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Former guardhouse, 'fascinating' artifacts being revealed by Parliament Hill dig


Before the Parliament Buildings can undergo a massive modernization, archaeologists have to preserve the past of what was once called Barrack Hill.

In rough and ready Bytown, it was site of the British Royal Engineers’ military quarters from 1827 to 1858, spanning construction of the Rideau Canal, which opened in 1832.

On Sunday, the stone foundation of a former guardhouse continued to take shape under the trowels and brooms of archaeologists in a dig between the Centre Block and the East Block, where work is slated to wrap up this fall.

The dig site will be open again next weekend for guided tours.

As many as 22 archaeologists are at work each day this summer, measuring, mapping and excavating the site as part of a pre-construction assessment of Centre Block.

The guardhouse served as living quarters, a hospital for victims of malaria, typhoid and cholera and cells where accused lawbreakers, both civilian and military, were held.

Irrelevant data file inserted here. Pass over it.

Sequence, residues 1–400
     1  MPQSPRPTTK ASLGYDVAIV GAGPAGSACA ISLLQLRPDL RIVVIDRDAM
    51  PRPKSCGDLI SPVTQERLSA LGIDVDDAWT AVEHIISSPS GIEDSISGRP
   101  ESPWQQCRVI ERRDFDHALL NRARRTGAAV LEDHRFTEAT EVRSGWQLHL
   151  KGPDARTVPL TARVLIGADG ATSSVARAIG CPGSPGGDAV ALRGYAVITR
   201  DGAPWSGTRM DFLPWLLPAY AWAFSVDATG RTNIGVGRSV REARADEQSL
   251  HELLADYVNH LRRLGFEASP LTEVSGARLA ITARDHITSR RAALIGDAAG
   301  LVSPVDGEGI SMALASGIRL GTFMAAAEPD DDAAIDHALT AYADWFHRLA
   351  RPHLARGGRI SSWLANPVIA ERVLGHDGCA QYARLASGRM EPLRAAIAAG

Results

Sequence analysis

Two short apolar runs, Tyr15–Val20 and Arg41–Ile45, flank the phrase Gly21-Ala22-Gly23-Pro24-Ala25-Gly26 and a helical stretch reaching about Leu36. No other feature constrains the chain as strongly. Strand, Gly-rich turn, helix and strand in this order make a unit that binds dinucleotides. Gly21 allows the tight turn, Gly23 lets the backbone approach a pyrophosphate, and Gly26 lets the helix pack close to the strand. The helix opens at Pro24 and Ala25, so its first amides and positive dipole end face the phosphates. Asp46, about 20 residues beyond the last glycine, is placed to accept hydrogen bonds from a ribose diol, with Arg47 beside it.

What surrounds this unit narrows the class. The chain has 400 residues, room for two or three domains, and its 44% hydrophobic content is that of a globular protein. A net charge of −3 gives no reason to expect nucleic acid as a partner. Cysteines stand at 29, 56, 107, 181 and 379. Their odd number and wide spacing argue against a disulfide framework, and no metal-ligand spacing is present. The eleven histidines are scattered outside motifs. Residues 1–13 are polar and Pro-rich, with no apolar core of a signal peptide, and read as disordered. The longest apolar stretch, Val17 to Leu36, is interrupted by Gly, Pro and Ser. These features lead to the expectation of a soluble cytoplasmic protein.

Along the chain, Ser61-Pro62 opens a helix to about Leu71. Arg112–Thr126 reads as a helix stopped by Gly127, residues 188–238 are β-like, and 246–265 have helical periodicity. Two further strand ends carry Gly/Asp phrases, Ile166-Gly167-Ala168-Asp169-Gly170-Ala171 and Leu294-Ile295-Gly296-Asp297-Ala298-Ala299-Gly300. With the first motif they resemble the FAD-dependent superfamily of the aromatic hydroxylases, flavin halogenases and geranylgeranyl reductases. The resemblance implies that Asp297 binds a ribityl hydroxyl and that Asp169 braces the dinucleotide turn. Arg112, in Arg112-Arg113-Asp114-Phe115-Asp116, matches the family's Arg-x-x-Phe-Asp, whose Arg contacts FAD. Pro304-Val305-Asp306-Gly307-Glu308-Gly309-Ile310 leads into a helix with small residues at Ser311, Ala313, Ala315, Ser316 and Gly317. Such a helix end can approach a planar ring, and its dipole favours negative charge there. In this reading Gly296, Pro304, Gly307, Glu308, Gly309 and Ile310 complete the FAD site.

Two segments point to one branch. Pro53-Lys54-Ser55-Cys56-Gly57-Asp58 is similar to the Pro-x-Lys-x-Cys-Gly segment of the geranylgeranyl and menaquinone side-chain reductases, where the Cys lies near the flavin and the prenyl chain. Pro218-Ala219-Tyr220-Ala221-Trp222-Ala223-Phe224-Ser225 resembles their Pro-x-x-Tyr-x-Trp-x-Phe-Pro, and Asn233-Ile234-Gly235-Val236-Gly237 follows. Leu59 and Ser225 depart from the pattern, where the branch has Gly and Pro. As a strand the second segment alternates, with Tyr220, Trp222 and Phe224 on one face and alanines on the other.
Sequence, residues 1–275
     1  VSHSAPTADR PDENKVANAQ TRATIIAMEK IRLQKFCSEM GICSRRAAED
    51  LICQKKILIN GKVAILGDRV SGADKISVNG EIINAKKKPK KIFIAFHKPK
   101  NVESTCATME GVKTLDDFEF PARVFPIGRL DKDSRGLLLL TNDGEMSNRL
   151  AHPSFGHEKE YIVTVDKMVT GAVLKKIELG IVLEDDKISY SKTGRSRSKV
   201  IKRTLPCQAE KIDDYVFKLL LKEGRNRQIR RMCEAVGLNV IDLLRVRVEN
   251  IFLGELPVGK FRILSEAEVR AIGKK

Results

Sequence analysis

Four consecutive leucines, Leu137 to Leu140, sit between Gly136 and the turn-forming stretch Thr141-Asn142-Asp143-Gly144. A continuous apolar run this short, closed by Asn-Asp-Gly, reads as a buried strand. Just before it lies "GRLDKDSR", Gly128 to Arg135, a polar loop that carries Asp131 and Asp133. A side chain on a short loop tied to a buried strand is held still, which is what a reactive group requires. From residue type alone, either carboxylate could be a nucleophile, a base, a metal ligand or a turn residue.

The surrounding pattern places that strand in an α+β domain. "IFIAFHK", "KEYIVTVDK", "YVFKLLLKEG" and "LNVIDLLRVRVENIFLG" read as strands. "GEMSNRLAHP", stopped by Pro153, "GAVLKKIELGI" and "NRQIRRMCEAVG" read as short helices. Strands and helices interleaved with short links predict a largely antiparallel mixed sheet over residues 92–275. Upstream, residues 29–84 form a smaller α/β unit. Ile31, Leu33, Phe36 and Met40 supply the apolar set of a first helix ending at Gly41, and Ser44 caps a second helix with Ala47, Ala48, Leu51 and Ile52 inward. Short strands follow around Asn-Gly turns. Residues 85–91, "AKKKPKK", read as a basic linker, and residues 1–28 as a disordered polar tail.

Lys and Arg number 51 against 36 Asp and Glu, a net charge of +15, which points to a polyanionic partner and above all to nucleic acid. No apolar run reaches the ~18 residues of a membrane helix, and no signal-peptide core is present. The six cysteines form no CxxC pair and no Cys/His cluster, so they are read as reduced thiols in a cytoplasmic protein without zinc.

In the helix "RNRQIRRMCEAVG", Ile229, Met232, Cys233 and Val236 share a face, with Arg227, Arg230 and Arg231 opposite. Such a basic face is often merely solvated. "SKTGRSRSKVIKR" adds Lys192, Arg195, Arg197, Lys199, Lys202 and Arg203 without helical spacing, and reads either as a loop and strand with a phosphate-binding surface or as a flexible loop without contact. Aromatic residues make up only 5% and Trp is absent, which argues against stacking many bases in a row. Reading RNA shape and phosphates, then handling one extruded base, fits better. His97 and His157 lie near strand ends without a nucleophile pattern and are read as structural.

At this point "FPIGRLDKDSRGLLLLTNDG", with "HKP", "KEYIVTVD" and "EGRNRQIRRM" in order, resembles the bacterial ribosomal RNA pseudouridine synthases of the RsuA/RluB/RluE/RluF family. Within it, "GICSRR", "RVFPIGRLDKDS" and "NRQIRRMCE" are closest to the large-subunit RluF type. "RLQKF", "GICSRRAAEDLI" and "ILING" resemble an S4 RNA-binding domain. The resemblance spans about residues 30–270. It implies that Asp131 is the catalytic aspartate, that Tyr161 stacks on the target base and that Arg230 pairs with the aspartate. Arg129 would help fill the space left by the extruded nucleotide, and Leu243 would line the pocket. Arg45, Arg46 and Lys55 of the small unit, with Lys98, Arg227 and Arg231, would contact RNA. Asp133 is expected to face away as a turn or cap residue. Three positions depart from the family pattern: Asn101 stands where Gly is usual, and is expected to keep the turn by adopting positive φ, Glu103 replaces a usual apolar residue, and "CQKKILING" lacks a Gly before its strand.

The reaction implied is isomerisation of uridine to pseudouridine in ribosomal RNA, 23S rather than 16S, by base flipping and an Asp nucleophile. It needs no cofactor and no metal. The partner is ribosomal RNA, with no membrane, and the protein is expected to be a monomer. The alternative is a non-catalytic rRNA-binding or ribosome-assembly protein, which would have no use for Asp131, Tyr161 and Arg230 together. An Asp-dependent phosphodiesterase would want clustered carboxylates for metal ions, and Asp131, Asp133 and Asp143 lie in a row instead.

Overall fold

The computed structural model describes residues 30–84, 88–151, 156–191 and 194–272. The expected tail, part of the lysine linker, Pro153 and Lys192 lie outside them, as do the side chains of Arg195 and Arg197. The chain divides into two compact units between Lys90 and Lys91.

Public Services and Procurement Canada says it’s conducting the digs to ensure the upcoming construction won’t damage any potential artifacts.

Using tools including sifting screens, archaeologists have found “fascinating” objects, PSPC said, and some are on display, ranging from children’s marbles found just last Monday to regimental buttons, shards of pottery and a clay pipe.

They have also found shako plates — decorative badges from cylindrical military headgear — dating from the era of King George IV, who reigned from 1820 to 1830.

The next round of public visits to the dig site is scheduled for between 10 a.m. and 5 p.m. on July 20-21. Tours start at the white tent on the right side of the Great Lawn between Centre Block and East Block.


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